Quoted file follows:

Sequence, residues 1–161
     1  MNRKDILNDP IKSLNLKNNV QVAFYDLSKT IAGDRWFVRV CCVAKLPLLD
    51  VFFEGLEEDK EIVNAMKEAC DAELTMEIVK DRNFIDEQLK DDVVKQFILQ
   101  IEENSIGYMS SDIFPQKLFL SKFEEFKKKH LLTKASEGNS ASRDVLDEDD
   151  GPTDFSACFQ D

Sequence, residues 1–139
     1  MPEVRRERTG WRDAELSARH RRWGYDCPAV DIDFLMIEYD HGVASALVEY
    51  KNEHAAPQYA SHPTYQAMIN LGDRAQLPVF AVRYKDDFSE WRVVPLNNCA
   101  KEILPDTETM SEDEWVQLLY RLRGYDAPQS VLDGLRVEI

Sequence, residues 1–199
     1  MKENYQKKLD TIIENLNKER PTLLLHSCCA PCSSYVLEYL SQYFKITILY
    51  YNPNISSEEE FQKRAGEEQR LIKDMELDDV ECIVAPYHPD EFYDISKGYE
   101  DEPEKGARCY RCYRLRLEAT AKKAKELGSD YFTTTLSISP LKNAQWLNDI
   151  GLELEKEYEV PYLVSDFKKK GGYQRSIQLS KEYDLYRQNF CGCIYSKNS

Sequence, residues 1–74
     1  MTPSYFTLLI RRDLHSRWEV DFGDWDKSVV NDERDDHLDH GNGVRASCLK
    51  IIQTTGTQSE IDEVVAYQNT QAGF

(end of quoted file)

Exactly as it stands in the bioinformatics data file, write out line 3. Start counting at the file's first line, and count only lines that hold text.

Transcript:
    51  VFFEGLEEDK EIVNAMKEAC DAELTMEIVK DRNFIDEQLK DDVVKQFILQ